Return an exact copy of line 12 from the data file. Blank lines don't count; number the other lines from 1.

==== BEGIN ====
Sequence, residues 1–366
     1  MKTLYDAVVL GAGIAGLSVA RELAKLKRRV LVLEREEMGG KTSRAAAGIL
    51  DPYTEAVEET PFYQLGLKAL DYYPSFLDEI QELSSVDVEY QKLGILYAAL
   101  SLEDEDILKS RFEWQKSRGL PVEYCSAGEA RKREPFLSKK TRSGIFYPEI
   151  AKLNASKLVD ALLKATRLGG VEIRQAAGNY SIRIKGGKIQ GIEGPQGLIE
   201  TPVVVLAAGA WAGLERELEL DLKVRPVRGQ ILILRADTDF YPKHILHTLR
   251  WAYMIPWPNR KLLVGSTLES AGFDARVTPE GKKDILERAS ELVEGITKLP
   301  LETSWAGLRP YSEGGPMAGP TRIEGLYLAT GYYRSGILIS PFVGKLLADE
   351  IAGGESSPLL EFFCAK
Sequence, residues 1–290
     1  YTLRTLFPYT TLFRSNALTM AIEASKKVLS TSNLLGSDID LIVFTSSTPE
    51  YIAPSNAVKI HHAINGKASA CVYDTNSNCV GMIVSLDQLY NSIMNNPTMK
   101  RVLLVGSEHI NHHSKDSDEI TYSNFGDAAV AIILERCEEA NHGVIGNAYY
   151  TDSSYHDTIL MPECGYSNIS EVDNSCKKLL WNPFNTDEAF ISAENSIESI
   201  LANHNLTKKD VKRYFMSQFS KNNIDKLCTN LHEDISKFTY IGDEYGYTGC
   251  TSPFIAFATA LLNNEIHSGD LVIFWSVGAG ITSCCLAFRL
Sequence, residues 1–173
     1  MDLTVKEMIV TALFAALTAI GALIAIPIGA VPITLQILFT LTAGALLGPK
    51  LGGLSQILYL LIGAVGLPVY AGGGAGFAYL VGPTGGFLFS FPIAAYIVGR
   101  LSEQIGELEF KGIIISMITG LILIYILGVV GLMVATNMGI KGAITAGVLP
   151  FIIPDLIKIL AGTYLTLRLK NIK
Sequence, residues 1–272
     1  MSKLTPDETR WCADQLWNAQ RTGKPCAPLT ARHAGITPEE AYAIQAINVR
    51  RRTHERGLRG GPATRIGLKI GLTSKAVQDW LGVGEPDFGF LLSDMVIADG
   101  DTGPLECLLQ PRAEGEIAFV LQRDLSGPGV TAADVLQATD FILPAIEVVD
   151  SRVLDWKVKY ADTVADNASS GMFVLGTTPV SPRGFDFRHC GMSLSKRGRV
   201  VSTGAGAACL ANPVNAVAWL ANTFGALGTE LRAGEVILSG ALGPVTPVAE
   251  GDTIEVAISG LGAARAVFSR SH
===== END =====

    51  YIAPSNAVKI HHAINGKASA CVYDTNSNCV GMIVSLDQLY NSIMNNPTMK